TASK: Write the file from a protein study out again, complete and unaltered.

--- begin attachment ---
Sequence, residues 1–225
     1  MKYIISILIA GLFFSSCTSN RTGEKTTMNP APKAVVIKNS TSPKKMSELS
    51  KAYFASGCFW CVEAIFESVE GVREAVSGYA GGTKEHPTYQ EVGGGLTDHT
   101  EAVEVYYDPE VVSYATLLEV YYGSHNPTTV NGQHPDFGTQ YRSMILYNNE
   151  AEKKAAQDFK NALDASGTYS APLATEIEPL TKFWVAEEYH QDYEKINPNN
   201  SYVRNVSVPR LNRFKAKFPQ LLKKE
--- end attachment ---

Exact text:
Sequence, residues 1–225
     1  MKYIISILIA GLFFSSCTSN RTGEKTTMNP APKAVVIKNS TSPKKMSELS
    51  KAYFASGCFW CVEAIFESVE GVREAVSGYA GGTKEHPTYQ EVGGGLTDHT
   101  EAVEVYYDPE VVSYATLLEV YYGSHNPTTV NGQHPDFGTQ YRSMILYNNE
   151  AEKKAAQDFK NALDASGTYS APLATEIEPL TKFWVAEEYH QDYEKINPNN
   201  SYVRNVSVPR LNRFKAKFPQ LLKKE